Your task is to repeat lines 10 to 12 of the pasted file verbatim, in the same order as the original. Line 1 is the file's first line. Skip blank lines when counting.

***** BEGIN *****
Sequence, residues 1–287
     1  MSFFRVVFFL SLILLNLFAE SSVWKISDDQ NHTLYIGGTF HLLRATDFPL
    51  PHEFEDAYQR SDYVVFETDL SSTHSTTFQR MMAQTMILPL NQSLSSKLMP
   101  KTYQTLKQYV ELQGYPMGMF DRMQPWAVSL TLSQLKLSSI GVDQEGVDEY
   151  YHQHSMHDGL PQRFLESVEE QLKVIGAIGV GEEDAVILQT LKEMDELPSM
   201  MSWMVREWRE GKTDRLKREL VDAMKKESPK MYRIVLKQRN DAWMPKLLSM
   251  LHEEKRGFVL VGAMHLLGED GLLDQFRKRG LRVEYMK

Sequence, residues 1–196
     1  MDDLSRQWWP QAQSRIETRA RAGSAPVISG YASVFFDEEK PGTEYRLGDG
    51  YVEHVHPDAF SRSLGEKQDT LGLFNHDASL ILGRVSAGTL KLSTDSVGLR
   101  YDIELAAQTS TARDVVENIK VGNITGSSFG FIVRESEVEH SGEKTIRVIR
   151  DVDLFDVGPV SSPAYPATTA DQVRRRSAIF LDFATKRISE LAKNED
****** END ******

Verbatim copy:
    51  YVEHVHPDAF SRSLGEKQDT LGLFNHDASL ILGRVSAGTL KLSTDSVGLR
   101  YDIELAAQTS TARDVVENIK VGNITGSSFG FIVRESEVEH SGEKTIRVIR
   151  DVDLFDVGPV SSPAYPATTA DQVRRRSAIF LDFATKRISE LAKNED